In October 2020, the Zimbabwean Human Rights NGO Forum and a former prisoner lodged a High Court application seeking to compel the country’s finance minister, Mthuli Ncube, to release funds for prison facilities. The claimants argued that the Zimbabwe Prisons and Correctional Services (ZPCS) failed to comply with basic COVID-19 regulations such as the provision of facemasks, hand sanitisers and social distancing and requested that the state provides water, food, vehicles, COVID-19 tests, and medical supplies. On 2 December 2020, the High Court ordered the government to ensure that every inmate at the Chikurubi Prison gets 60 litres of water daily and ordered the finance minister to release funds for supplementary water and food supply. The Court also ordered the country’s prison authority to separate healthy inmates from those who are ill and to provide essential medicines.

On 27 January 2021, 110 detainees tested positive to COVID-19 at the Mutimurefu prison, one of the most overpopulated in the country. Two weeks prior, a senior officer of the Chikurubi prison died from the virus and 15 guards in that prison tested positive for COVID-19.


Last updated:

DETENTION, EXPULSION, AND INCARCERATION STATISTICS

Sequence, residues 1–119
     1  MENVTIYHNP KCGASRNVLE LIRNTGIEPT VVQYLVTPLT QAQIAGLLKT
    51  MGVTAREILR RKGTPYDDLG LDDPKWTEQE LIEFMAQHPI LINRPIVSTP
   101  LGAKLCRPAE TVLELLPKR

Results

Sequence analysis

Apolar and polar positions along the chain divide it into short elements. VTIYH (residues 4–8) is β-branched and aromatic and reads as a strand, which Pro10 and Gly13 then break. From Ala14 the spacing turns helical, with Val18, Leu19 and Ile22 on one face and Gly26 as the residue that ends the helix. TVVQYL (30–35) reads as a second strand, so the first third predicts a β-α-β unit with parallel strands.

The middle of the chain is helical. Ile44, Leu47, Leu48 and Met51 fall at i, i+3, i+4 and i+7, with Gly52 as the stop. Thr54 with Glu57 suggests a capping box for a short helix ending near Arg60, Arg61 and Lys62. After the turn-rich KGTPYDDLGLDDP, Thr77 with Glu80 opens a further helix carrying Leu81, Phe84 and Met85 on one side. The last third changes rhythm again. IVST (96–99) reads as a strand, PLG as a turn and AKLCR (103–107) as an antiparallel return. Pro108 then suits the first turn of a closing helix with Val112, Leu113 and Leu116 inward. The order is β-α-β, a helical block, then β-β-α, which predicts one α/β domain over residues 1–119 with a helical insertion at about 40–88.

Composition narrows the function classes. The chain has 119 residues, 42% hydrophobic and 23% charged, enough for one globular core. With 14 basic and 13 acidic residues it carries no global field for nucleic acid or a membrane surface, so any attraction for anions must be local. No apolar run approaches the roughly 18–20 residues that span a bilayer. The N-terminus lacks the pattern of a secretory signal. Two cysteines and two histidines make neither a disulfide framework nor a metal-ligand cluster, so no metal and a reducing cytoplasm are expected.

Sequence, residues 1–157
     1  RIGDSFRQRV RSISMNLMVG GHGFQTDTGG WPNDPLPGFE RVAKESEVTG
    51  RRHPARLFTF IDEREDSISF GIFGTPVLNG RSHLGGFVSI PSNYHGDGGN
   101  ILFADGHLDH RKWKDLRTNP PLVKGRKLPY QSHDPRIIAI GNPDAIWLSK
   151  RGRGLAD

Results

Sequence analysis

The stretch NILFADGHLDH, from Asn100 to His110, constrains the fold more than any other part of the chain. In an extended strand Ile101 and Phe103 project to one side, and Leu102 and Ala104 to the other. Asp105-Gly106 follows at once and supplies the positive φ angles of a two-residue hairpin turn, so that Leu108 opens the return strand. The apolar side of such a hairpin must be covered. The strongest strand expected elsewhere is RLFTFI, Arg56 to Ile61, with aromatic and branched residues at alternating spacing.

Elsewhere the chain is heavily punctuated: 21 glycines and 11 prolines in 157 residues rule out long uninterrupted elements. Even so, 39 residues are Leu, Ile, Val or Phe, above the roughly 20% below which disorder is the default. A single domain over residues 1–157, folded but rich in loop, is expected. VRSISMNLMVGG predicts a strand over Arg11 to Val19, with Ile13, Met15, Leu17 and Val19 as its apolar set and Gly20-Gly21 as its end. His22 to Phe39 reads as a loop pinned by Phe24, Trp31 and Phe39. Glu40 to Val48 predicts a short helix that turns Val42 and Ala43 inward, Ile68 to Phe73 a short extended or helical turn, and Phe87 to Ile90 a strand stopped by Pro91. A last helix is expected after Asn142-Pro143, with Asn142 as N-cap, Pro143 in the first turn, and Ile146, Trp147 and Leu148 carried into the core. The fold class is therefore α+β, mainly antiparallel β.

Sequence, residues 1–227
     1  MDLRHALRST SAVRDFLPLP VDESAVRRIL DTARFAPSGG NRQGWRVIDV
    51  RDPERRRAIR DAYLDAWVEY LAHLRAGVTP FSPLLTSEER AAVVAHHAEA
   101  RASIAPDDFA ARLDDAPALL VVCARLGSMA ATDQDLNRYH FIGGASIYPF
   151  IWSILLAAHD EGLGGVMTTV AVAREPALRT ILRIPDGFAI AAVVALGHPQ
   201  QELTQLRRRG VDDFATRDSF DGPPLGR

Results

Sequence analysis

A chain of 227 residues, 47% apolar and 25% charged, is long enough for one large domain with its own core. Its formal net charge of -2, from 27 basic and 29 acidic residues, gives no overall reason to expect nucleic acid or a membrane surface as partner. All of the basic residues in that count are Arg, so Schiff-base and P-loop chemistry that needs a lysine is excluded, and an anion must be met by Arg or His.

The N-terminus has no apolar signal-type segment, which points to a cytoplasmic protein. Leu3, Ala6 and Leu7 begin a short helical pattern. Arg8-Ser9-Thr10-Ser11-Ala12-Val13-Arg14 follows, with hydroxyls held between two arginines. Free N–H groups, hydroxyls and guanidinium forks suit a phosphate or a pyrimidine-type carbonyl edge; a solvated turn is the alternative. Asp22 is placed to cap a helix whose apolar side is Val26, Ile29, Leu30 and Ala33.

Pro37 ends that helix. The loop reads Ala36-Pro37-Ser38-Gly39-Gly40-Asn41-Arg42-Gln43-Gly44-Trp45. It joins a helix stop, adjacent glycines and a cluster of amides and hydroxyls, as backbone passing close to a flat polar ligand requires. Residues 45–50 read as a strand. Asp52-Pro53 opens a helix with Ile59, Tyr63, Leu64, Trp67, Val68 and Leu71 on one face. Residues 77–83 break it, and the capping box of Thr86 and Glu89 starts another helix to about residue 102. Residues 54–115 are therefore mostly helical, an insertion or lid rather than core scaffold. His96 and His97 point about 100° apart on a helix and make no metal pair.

Total number of immigration detainees by year
Not Available
2019
Total number of detained minors
Not Available
2017
Criminal prison population
19,521
2017
18,980
2014
13,361
2010
16,429
2007
19,608
2004
19,376
2001
18,977
1998
21,212
1995
21,212
1992
Percentage of foreign prisoners
1.9
2017
0.7
2008
Prison population rate (per 100,000 of national population)
120
2017
147
2014
107
2010
132
2007
156
2004
154
2001
154
1998
180
1995
191
1992

DEMOGRAPHICS AND IMMIGRATION-RELATED STATISTICS

Population
14,900,000
2020
15,603,000
2015
International migrants
411,257
2019
398,900
2015
International migrants as a percentage of the population
2.6
2015
Refugees
8,956
2019
7,797
2018
7,572
2017
7,418
2016
6,085
2015
6,079
2014
Ratio of refugees per 1000 inhabitants
0.47
2016
0.4
2014
Total number of new asylum applications
1,841
2019
1,501
2016
480
2014
Refugee recognition rate
75.3
2014
Stateless persons
0
2016
300,000
2015

SOCIO-ECONOMIC INDICATORS

Gross Domestic Product per capita (in USD)
931
2014
Unemployment Rate
2014
Net official development assistance (ODA) (in millions USD)
757.8
2014
Human Development Index Ranking (UNDP)
155 (Low)
2015

DOMESTIC LAWS AND POLICIES

Legal tradition
Civil law
2017
Common law
2017
Customary law
2017

INTERNATIONAL LAW

Ratio of relevant international treaties ratified
Ratio: 10/19
International treaty reservations
Reservation Year
Observation Date
CRSR Article 22 1981
1981
2017
Individual complaints procedure
Acceptance Year
CRPD, Optional Protocol to o the Convention on the Rights of Persons with Disabilities 2013
2013
Ratio of complaints procedures accepted
Observation Date
1/6
2017
Regional legal instruments
Year of Ratification (Treaty) / Transposed (Directive) / Adoption (Regulation)
ACHPR, African Charter on Human and Peoples Rights 1986
1986
ACRWC, African Charter on the Rights and Welfare of the Child 1995
1995
APRW, Protocol to the African Charter on Human and Peoples Rights on the Rights of Women in Africa (Maputo Protocol) 2008
2008
Relevant recommendations of the UN Universal Periodic Review
Observation Date
No 2011
2017
No 2016
2017

INSTITUTIONAL INDICATORS